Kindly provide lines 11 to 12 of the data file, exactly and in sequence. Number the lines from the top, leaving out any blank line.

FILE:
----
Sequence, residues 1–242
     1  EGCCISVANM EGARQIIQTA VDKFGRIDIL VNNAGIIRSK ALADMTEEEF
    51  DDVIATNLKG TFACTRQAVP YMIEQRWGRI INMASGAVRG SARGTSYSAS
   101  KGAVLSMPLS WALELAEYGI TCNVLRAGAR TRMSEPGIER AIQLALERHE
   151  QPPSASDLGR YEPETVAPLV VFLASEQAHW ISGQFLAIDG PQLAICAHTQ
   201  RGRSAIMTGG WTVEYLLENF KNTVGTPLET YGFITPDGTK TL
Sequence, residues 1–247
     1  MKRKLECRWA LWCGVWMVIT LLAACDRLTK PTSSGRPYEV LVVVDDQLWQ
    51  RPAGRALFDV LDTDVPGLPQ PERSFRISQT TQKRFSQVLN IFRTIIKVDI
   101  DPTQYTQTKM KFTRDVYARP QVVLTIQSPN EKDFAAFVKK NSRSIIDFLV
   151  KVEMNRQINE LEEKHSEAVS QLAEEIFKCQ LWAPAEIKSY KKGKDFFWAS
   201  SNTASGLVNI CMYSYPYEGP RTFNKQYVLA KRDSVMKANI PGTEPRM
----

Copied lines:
   151  KVEMNRQINE LEEKHSEAVS QLAEEIFKCQ LWAPAEIKSY KKGKDFFWAS
   201  SNTASGLVNI CMYSYPYEGP RTFNKQYVLA KRDSVMKANI PGTEPRM